The Term “Imperial Polk County” Is Traced Back to 1914
Who added “Imperial” to the name of Polk County? This intriguing question comes up as regularly as the orange blossoms in spring to the staff of Polk County Historical and Genealogical Library in Bartow. Now once again a definitive answer has been sought, this time with some success.
But first it must be said that “imPERial Polk” is one of those alliterative phrases of spoken English coming so naturally to the tongue that it probably has been “invented” more than once by those seeking a way to emphasize the centrality of Florida’s largest and long its richest county per capita (as claimed in 1914).
“Peerless Polk” is another and more accurate sobriquet, believes Glenn Hooker of Haines City, organizing president of the Polk County Historical Association and himself a tireless booster of this area. But “Peerless Pinellas” has long been used, and no doubt Polk will remain Imperial for all time.
Among those who have sought the originator of the term “Imperial Polk” is S.L. Frisbie IV, Bartow publisher of the Polk County Democrat who in 1969 interviewed a number of old timers and came up with their memories of arches across Polk roads at the end of the World War I which proclaimed to motorists that they were entering “Imperial Polk County.”
Frisbie’s informants gave credit to W. S. “Mose” Wev, County Commission clerk, for putting up the arches that called attention to the 217 miles of asphalt paid for by the 1916 voter-approved bond issue of $1,500,000. Polk was then the most paved county in the southern states and a veritable automobiling mecca.
But Wev’s phrase must not have caught on because new arches over newly widened pavings of the early 1920s had a simple “Welcome to Polk County.” And there the matter stands until after 1942 when Roy P. Gladney, a former Georgian, was elected to the County Commission from the Mulberry district. Gladney once told this writer that the phrase “Imperial Polk County” just popped into his mind when he was addressing a group of national officials. From that time on he not only sincerely believed he had coined the phrase but he made it a part of his constant boosting of Polk County, proved by his notes for speeches before local, state and national groups.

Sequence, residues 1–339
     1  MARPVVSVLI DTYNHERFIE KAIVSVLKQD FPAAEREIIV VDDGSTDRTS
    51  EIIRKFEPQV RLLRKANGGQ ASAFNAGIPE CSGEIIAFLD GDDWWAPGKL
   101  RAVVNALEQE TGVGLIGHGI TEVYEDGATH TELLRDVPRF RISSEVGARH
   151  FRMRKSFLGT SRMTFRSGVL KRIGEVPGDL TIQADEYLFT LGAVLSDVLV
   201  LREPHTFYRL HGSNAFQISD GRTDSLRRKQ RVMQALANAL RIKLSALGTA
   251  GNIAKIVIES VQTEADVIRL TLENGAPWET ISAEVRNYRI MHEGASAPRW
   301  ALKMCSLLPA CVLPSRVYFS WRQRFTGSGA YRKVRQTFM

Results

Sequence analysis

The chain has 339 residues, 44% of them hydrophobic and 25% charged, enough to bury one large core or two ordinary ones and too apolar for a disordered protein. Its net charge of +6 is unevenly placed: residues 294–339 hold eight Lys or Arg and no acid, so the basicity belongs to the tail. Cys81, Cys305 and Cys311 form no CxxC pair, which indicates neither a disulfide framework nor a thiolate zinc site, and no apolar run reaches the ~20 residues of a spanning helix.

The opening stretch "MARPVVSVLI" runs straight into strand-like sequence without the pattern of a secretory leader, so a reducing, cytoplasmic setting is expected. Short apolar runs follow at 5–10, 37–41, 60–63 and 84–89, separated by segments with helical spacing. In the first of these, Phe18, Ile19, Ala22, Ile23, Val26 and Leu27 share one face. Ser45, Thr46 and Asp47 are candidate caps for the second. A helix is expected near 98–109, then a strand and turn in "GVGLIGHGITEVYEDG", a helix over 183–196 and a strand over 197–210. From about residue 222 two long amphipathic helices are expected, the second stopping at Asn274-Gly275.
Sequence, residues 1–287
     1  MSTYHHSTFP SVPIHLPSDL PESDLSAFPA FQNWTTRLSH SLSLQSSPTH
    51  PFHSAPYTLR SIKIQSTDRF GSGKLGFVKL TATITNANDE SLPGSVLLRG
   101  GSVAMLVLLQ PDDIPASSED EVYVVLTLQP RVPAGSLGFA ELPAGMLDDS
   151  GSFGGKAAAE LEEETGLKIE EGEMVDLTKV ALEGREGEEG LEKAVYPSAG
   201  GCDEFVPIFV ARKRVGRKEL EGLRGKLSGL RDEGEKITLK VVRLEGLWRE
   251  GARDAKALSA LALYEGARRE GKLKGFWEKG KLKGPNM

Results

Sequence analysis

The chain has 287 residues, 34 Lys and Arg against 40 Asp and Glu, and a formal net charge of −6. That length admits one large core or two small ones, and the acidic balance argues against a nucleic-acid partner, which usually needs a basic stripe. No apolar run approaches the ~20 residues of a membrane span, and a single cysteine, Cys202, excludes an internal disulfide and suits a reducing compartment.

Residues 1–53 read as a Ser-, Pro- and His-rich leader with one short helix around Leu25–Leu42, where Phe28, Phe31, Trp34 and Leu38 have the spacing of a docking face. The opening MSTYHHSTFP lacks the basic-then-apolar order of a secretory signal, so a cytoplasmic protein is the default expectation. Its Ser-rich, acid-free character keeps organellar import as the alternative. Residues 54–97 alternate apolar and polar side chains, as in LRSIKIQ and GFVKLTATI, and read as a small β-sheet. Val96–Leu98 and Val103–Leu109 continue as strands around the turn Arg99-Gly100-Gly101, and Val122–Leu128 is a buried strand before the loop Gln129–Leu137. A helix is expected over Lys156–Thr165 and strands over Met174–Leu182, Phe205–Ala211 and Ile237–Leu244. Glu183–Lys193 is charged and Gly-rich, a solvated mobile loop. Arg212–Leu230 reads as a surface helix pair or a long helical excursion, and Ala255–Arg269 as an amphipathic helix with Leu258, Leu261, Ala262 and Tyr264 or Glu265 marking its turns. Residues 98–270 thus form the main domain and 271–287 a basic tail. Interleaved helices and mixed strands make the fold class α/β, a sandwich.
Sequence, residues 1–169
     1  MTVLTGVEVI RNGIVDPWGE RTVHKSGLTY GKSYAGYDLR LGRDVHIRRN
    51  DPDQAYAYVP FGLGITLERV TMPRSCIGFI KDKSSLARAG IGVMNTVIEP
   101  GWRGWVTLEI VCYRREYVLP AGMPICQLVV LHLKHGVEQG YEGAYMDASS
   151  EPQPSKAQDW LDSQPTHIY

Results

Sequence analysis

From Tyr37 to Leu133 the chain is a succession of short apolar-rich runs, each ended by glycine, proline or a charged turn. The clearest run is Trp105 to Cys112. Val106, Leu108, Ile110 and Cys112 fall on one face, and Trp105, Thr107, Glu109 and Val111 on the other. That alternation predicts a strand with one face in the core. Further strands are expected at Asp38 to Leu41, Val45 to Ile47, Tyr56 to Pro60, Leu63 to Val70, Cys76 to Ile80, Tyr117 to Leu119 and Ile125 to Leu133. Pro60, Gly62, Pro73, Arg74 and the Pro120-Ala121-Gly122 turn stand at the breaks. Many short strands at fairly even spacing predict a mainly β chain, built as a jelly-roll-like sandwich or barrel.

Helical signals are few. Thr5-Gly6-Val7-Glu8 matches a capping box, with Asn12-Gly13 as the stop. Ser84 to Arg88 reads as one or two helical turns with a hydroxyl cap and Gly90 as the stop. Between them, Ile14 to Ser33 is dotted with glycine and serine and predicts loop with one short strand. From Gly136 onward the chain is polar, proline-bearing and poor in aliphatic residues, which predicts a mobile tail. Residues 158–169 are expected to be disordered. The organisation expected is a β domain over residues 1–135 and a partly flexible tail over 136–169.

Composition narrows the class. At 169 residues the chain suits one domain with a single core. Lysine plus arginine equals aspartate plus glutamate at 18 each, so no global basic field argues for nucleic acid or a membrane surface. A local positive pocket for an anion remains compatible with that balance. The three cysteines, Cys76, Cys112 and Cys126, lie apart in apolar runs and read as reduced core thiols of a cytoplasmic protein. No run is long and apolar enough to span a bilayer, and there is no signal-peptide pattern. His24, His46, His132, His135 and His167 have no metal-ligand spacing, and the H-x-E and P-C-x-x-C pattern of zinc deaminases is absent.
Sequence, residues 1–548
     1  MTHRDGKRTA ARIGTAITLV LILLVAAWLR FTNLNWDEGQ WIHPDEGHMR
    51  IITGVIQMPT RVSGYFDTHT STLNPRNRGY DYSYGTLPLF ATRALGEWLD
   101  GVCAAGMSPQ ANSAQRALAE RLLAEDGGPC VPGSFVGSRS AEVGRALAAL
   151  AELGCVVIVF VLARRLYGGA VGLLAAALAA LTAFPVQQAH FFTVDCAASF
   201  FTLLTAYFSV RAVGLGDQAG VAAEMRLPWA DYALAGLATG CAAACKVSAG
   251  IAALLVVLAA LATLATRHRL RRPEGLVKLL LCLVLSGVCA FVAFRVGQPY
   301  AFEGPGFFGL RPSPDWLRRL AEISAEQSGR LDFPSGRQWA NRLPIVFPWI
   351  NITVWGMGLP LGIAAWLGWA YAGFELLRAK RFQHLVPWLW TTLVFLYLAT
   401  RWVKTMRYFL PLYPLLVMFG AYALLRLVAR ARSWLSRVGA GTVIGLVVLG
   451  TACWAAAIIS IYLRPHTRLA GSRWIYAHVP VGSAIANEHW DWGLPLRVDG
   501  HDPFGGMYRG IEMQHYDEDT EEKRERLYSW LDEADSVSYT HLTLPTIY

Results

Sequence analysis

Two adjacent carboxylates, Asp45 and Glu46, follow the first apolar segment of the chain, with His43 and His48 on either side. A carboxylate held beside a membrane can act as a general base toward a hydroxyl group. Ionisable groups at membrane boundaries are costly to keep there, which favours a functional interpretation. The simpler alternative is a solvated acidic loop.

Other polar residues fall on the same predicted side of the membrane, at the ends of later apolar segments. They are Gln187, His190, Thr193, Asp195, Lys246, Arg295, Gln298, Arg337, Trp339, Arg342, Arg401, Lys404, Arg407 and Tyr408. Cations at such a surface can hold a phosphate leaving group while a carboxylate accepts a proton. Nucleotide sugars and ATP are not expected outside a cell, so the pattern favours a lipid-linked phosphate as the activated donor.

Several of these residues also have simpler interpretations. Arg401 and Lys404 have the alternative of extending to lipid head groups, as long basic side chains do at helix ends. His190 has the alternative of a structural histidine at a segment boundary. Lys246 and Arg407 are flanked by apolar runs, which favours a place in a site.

It is not surprising that the 1954 bronze plaque at the corner of Davidson and Broadway in Bartow on the entrance to the first County Commission building is headed by the words “Imperial Polk County.” And an examination of County Commission letterhead no doubt will prove that the same phrase and the current orange and green county logo originated about the same time, when Roy Gladney was chairman of the County Commission.
But the fact is that neither Wev or Gladney can be credited with first using “Imperial Polk.” That honor must go to one of three men who got out a special edition of The Polk County Record on Friday, May 15, 1914. J.G. Gallemore from Missouri had acquired the paper in 1911, had built a new building and installed Linotype and new electric presses by 1913, and was putting out his first “booster” edition.
The Record itself usually ran 12 pages per regular edition with a staff of two to do all the writing. To handle a Polk County booster edition, Gallemore brought in Will Boyd Collins of Jacksonville, who produced booster editions from California to Florida, and C.C. Worthington of Tampa, an experienced writer.
The special edition appears to have been a 10-page insert in the regular 12-page Record, but since no pagination was used by Gallemore, the reader must be referred to the third page of the insert which is headed “Imperial Polk County – The Heart of Florida.” The first sentence says: “The word “Imperial” is not a misnomer as applied to Polk County. It is truly Imperial in every sense; in area, in extent and variety of resources and in the cosmopolitan character of its population….”
Who wrote the head and the piece on Polk County? Probably not Gallemore, who no doubt had his hands full with the regular edition. But he did apparently adopt the phrase and place it on Record stationery where it was still appearing as late as the 1930s, perhaps longer. Wev, and possibly Gladney, had ample opportunity to see Record letterhead and subconsciously pick up on it.
As to which man, Collins or Worthington, wrote “Imperial Polk County – The Heart of Florida,” toss a coin. Until the now possible computer study of individual writing patterns is employed, the mystery will remain. Let’s just say The Polk County Record first used the phrase “Imperial Polk County” on May 15, 1914.
From Polk County Historical Quarterly
Vol. 20, No. 3, December 1993
Provided by Hazel L. Bowman, 1989